Update on the AFN Special Chiefs Assembly
The Assembly of First Nations is holding its 2014 Special Chiefs Assembly (SCA) and election for AFN National Chief from December 9-11, 2014 at the RBC Convention Centre in Winnipeg, Manitoba. This event is being hosted by Manitoba Keewatinowi Okimakanak (MKO) along with the locally established Host Committee.
The theme of this year’s SCA is “Our People, Our Land, Our Time”. This theme reaffirms our direction forward, harnessing the energy of the original peoples of this land, to seize this moment as the time for change and to act now for our peoples based on our rights and responsibilities. The Assembly will include discussion in a number of areas to make these objectives a reality and to support First Nations in advancing this work, including dialogue on Nation Building and AFN Restructuring, Land Rights and Claims, First Nations Control of First Nations Education and Ending Violence Against Indigenous Women and Girls. Information on logistics and the agenda will be posted on the AFN website as well as information on the many other events that will take place during the annual gathering.
MKO will be hosting a number of cultural and social events throughout the SCA. Please visit the Host Committee website at www.ourlandourpeopleourtime.com for more information on these events and activities.
Voting for the election for AFN National Chief will begin on Wednesday December 10, 2014. Nominations will be announced soon by the Chief Electoral Officer.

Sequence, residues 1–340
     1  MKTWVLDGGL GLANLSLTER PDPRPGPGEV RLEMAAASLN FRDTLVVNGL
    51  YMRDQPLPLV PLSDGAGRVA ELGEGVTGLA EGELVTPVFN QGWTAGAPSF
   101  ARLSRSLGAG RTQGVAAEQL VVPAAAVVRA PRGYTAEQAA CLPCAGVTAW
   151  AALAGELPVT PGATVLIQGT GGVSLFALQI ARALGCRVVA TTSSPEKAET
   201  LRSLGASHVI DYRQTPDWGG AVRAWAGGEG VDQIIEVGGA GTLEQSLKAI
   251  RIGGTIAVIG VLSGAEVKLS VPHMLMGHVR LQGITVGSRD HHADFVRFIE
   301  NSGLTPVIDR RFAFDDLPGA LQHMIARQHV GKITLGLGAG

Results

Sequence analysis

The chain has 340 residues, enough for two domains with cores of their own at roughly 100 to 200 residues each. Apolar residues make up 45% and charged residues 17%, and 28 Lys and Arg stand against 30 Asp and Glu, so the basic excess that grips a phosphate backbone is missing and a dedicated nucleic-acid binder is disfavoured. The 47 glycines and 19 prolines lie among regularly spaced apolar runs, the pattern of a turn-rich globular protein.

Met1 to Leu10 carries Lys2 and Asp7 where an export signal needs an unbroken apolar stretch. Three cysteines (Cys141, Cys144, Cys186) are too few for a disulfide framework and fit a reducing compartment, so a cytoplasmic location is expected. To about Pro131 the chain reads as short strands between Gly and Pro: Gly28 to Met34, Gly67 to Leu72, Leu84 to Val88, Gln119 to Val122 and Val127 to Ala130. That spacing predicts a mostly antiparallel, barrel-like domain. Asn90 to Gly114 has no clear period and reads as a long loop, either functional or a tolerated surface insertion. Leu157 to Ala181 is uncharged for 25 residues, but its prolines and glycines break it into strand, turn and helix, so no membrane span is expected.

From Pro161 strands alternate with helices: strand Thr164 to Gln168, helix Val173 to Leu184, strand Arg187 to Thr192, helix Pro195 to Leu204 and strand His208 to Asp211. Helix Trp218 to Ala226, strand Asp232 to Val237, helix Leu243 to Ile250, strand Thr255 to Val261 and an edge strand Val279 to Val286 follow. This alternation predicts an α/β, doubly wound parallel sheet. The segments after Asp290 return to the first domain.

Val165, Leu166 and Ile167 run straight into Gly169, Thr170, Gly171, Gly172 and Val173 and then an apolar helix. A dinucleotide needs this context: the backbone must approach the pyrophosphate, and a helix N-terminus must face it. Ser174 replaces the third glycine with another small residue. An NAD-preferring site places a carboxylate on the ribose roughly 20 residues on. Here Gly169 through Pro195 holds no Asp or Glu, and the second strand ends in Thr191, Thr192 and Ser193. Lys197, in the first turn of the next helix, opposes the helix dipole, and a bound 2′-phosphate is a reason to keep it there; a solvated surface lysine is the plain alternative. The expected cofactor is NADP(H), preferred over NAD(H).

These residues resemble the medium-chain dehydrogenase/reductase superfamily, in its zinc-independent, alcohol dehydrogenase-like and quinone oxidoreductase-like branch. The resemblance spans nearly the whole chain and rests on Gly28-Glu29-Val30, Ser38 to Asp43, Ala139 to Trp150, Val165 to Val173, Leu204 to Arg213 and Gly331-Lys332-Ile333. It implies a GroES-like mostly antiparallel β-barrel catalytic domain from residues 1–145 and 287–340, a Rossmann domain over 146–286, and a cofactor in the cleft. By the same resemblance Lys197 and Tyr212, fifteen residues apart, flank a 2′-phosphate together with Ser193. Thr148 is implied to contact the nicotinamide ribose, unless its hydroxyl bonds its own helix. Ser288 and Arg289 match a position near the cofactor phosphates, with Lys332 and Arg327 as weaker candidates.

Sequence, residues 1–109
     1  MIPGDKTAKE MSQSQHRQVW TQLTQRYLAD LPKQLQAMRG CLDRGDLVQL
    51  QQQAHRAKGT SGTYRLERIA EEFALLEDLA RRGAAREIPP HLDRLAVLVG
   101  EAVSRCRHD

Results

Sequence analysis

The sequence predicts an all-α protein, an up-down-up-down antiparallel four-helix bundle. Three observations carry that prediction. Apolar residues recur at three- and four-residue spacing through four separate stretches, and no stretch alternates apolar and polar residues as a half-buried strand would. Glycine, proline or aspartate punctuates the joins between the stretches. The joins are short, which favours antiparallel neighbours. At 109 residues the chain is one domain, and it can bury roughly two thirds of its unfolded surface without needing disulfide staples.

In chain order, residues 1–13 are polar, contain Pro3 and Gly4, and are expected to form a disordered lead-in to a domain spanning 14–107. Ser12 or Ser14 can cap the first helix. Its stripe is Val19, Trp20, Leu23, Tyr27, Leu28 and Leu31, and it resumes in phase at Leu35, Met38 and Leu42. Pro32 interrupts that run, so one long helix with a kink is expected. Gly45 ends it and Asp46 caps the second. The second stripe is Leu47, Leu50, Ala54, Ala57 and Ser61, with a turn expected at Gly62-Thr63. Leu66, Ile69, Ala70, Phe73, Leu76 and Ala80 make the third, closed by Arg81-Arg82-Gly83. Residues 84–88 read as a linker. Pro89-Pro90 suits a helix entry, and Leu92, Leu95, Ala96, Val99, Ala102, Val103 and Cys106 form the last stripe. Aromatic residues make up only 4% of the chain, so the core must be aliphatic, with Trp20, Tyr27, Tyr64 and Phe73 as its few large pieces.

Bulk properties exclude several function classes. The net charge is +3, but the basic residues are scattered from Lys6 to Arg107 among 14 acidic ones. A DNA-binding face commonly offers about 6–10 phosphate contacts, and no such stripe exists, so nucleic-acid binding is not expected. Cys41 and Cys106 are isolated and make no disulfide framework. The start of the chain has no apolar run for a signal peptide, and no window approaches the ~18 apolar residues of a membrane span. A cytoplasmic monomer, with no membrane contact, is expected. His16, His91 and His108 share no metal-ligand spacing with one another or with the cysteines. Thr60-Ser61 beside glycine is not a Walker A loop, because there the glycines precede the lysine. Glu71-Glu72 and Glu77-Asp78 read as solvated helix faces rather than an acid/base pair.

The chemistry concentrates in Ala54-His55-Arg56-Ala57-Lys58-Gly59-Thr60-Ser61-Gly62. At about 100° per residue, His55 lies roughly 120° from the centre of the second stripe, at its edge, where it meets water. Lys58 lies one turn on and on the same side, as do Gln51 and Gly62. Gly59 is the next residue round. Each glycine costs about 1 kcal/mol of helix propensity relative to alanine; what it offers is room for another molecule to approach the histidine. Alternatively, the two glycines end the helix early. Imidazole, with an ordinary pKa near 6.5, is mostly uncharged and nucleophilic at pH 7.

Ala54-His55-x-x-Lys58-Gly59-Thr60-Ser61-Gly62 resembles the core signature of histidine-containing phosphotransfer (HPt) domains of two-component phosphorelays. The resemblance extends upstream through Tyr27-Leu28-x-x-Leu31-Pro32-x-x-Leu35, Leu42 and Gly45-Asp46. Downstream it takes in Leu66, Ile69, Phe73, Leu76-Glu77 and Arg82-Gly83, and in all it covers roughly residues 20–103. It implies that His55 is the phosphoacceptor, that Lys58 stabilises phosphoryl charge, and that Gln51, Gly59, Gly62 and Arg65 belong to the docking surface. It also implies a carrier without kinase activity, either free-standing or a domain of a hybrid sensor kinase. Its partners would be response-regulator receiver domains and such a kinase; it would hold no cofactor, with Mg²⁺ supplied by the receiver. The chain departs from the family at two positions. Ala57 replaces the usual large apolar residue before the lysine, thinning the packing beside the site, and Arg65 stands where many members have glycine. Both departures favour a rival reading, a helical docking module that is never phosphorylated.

National Aboriginal Women’s Summit (NAWS)
AFN Regional Chief for Nova Scotia and Newfoundland Morley Googoo, together with representatives from the AFN National Women’s Council, Youth and Elders councils, participated in the fourth National Aboriginal Women’s Summit (NAWS) in Membertou, Nova Scotia October 20-22, 2014. AFN Women’s Council Co-Chair Lorraine Netro, AFN Elders Council Chair Phyllis Googoo and AFN Youth Council member Suzie Obamsawin attended the three-day Summit organized by the Native Women’s Association of Canada and the Province of Nova Scotia under the theme of “promoting equity, empowerment and leadership.”
The AFN Women’s Council provided a paper in support of NAWS, putting forward practical recommendations in the areas of focus for the Summit. The paper submitted by the AFN Women’s Council is available at: http://www.afn.ca/uploads/files/end_violence/afn_wc_nawsivsubmission.pdf.
A report on NAWS is underway and the NAWS steering committee is working towards a draft socio-economic action plan for Aboriginal women as directed by National Aboriginal Leaders and Premiers at their meeting in August 2014.
During the Summit, representatives from the National Aboriginal Organizations met with provincial and territorial leaders and achieved commitment for a National Roundtable on Missing and Murdered Indigenous Women to take place in February 2015. While details are still to be determined, the focus of the roundtable will be on coordinated and tangible action to prevent and end violence against Indigenous women and girls.
Transforming First Nations Education
The push continues for First Nations control of First Nations education consistent with inherent and Treaty rights, supported by fair, stable and predictable funding and systems that embrace and value First Nation languages and cultures. It is clear that every First Nation, every Treaty and every region must set their own path forward and it is the role of AFN to support and advocate for these approaches. The resolve to transform First Nations education and achieve positive change for our children is stronger than ever.